photo by TheAlieness GiselaGiardino

photo by TheAlieness GiselaGiardino

Professor Leslie Davies, vice chair of the Association of Colleges (AoC), said that HE currently caters for different purposes, needs and lifestyles. However, there needs to be further diversification to meet learner’s needs.  For instance, not all students want to move away from home for three years now.  A big shift is happening with better informed students looking more closely at career prospects.

Davies explained that employers are looking for a wide range of qualifications and skills from the workforce, with many companies recognising A-levels as a way in, as well as Diplomas and vocational routes.  A “one size fits all” approach is no longer helpful, so young people require better advice and guidance to suit their personal situation.

NUS President, Aaron Porter, warned of greater costs for the government unless more places were created for students.  The burden on jobseeker’s allowance with many people out of work could be huge, he argued, with the number of jobs drying up and fierce competition for apprenticeships.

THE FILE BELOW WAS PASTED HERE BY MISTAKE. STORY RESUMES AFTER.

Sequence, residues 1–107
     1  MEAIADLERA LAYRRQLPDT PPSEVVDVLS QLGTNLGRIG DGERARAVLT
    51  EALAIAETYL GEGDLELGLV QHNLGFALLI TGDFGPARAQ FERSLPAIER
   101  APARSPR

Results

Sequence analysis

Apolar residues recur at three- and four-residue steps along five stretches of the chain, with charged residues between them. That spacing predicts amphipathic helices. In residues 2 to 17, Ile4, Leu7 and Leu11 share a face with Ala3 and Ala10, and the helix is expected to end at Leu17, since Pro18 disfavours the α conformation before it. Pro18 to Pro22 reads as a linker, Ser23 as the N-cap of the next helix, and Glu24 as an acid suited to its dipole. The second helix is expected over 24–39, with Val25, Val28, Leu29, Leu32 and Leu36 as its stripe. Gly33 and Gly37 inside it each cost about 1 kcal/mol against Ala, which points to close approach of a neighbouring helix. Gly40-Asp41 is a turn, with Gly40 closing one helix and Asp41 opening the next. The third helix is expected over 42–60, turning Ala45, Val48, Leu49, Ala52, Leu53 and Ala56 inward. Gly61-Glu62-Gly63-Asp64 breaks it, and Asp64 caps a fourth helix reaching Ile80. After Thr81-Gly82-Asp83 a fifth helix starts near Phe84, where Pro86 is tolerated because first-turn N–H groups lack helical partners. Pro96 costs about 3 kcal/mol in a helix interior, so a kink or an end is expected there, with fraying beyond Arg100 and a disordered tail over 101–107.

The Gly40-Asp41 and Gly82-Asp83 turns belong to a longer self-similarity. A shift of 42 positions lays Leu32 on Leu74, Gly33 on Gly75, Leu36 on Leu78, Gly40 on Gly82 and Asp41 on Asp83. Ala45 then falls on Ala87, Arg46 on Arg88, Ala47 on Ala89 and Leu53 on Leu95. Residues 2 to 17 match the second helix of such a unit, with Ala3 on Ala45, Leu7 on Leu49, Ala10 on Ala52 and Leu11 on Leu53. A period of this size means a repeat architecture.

In terms of debt, Porter disagreed with Piatt that degree costs should be variable based on course studied.  Some people choose to study law & economics and want to be a teacher.  Why should they be saddled with more debt if they go on to that totally different vocation?

Porter said that both individuals and the state will lose out if the state continues to set an artificial cap on places.  Students should be able to attend university if they wish and demonstrate the ability and grades.  Compared with OECD countries, the UK is slipping down the tables fast.  More people are entering higher education in other countries compared with here, which could severely limit the UK workforce.

photo by garlandcannon

photo by garlandcannon

How did the students see all this?  Also in the studio was a mix of young people either going to university this year or who had missed out on a place at uni despite good grades.